The MPAA/PCA Collection at the AMPAS Library contains correspondence from PCA Director Joseph Breen to the studio in which he states that the final script, dated 16 Nov 1936, "appears to us to be in violation of the regulations, 'Re Crime in Motion Pictures,' approved by the Board of Directors of the MPPDA, as of February 15, 1935" concerning kidnapping. He noted that the regulations instruct the PCA to mark such stories as acceptable under the Production Code " only when the kidnapping or abduction is (a) not the main theme of the story; (b) the person kidnapped is not a child ; (c) there are no ' details of the crime ' of kidnapping; (d) no profit accrues to the abductors or kidnappers; and (e) where the kidnappers are punished ." Because, Breen wrote, the script violated subdivisions (a) and (b), it could not be approved. Although there were subsequent changes to the script, several reviewers commented that the final film, which the PCA did pass, still violated its regulations. NYT noted that the film "represents as glib a double-cross of the Hays code as the screen has executed this year....[the producers] cheerfully scuttled 1) the rule forbidding the screen to deal with kidnapping and 2) the even more dogmatic regulation against the sympathetic portrayals of criminals." Time commented, "To discover a new ingredient for the formula of cinema kidnapping is a feat that might well deserve an Academy Award. To succeed in presenting as a hero a kidnapper who will not only arouse the sympathies of the audience but do so without raising the hackles of the Hays organization is another. Nancy Steele Is Missing does both." More Less

BIBLIOGRAPHIC SOURCES
SOURCE
DATE
PAGE
Box Office
20-Mar-37
---
Film Daily
10 Mar 37
p. 8.
Hollywood Reporter
4 Nov 36
p. 3.
Hollywood Reporter
30 Nov 36
p. 19.
Hollywood Reporter
1 Dec 36
p. 1.
Hollywood Reporter
11 Jan 37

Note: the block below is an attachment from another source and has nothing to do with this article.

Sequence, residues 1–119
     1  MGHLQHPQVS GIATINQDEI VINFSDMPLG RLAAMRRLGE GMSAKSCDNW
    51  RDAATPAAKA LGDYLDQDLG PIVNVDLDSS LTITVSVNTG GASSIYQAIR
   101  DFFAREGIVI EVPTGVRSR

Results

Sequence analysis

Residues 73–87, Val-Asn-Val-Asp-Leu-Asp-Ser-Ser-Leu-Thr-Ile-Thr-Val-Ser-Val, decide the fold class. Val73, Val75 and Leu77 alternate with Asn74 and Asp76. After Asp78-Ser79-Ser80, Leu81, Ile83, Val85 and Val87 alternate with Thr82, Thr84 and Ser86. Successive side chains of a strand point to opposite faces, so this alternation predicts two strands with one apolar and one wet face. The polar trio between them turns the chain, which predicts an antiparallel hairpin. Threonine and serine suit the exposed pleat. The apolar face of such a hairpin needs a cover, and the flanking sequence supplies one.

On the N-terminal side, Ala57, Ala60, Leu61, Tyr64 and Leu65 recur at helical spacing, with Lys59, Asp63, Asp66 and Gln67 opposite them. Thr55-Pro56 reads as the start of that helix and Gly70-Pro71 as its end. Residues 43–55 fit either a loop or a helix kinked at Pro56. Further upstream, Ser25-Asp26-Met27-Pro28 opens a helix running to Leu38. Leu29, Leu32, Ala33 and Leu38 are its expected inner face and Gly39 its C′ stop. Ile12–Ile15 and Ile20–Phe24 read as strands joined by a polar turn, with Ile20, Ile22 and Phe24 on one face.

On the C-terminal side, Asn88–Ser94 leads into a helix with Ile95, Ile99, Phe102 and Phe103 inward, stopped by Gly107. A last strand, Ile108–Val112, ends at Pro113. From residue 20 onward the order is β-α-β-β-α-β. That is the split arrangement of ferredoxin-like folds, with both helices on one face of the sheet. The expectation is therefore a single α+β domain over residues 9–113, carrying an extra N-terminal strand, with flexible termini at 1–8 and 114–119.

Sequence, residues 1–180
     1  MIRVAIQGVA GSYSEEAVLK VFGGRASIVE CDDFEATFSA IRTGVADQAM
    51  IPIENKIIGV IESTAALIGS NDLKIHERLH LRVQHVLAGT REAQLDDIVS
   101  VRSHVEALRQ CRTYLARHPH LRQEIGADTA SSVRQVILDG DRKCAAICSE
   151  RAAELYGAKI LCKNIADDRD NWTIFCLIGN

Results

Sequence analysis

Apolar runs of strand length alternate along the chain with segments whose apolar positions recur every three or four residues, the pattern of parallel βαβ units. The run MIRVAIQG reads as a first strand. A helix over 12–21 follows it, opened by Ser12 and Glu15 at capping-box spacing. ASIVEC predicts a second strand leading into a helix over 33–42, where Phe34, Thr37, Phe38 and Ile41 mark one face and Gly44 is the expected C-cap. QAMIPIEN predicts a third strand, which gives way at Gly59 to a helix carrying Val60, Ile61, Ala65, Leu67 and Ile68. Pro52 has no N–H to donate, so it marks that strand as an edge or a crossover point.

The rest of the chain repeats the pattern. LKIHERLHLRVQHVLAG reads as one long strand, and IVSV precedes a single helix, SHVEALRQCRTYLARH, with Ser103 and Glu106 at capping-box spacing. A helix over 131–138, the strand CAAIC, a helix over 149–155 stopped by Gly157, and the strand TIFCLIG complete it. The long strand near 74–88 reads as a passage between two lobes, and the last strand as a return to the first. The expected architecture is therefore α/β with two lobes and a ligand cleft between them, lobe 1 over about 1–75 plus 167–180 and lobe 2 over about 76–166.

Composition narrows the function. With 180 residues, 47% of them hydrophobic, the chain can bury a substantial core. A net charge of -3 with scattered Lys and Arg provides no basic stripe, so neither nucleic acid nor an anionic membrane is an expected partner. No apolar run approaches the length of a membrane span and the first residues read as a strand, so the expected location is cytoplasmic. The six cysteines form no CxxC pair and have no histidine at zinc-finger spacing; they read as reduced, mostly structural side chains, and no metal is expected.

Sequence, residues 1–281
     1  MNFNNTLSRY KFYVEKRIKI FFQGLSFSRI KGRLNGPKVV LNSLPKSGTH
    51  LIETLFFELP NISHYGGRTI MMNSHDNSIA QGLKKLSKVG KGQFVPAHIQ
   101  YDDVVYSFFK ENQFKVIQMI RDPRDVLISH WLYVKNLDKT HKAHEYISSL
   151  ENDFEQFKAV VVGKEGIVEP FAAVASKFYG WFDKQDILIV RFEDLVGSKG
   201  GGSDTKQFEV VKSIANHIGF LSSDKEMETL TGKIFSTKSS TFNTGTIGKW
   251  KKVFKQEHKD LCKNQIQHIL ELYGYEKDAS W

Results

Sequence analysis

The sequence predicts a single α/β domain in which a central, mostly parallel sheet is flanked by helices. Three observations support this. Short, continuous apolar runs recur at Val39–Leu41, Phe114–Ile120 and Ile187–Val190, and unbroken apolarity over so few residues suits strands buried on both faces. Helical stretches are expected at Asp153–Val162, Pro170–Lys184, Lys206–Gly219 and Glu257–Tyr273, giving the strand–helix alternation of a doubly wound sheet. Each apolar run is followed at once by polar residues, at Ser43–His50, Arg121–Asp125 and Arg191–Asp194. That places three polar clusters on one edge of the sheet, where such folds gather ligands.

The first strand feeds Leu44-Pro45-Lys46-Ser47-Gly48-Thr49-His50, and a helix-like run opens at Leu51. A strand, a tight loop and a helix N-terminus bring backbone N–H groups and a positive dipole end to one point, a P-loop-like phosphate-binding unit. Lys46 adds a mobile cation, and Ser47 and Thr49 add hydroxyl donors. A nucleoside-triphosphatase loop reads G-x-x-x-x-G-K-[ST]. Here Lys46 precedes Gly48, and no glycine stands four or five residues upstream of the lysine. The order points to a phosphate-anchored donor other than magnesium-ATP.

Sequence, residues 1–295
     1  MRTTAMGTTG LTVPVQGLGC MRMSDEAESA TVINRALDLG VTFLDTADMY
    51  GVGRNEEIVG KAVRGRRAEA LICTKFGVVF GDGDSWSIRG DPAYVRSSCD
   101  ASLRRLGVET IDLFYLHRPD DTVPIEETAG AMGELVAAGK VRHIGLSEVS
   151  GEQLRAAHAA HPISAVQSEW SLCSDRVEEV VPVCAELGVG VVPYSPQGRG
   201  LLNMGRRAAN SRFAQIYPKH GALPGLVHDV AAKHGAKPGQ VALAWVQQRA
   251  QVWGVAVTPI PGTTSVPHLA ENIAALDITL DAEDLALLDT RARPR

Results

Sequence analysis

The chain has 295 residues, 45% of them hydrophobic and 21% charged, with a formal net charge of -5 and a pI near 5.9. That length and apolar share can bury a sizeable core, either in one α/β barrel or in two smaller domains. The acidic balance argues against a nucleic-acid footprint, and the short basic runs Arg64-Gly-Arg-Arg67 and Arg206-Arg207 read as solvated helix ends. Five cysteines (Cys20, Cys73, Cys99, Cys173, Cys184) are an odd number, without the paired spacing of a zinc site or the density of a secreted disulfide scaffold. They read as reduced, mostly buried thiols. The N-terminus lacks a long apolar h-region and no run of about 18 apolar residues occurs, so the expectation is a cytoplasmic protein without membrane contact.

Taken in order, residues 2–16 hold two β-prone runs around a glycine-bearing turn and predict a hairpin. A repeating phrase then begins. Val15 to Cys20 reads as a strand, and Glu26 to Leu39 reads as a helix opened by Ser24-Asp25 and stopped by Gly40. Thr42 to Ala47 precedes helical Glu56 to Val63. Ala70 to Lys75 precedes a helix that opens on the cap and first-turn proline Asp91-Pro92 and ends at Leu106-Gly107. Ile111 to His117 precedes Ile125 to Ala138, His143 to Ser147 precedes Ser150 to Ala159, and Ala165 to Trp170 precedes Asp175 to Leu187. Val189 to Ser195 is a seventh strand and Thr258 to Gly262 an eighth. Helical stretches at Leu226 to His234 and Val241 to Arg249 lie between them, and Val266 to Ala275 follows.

p. 11.
Hollywood Reporter
22 Jan 37
p. 3.
Hollywood Reporter
3 Mar 37
p. 3.
Los Angeles Times
11-Aug-36
---
Motion Picture Daily
4 Mar 37
p. 6.
Motion Picture Herald
9 Jan 37
p. 41.
Motion Picture Herald
20 Mar 37
p. 55.
New York Times
8-Nov-36
---
New York Times
8 Mar 37
p. 22.
Time
15 Mar 37
p. 34.
Variety
10 Mar 37
p. 22.
CAST
PRODUCTION CREDITS
NAME
PARENT COMPANY
PRODUCTION TEXT
Darryl F. Zanuck In Charge of Production
DISTRIBUTION COMPANY
NAME
CREDITED AS
CREDIT
DIRECTORS
Dial dir
Asst dir
Asst dir
2d asst dir
PRODUCER
Assoc prod
WRITERS
Scr
PHOTOGRAPHY
Photog
Asst cam
ART DIRECTOR
Art dir
FILM EDITORS
Film ed
Asst cutter
SET DECORATORS
Set dec
COSTUMES
Ward man
Ward woman
MUSIC
Mus dir
MAKEUP
Hair
Makeup
PRODUCTION MISC
Prod mgr
Unit mgr
Scr clerk
Head grip
Asst grip
Asst prop
Best boy
Casting
Still photog
STAND INS
Stand-in for Victor McLaglen
Stand-in for Walter Connolly
Stand-in for June Lang
SOURCES
LITERARY
Based on the novel Ransom by Charles Francis Coe (Philadelphia, 1934).
SONGS
"My Country 'Tis of Thee," music by Henry Carey, lyrics by Samuel Francis Smith.
DETAILS
Alternate Title:
The Lost Nancy Steele
Release Date:
12 March 1937
Premiere Information:
New York opening: 6 March 1937
Production Date:
late November 1936--mid January 1937
added scenes late January 1937
Copyright Claimant:
Twentieth Century--Fox Film Corp.
Copyright Date:
12 March 1937
Copyright Number:
LP7246
Physical Properties:
Sound
Western Electric Noiseless Recording
Black and White
Duration(in mins):
84 or 86
Length(in feet):
7,819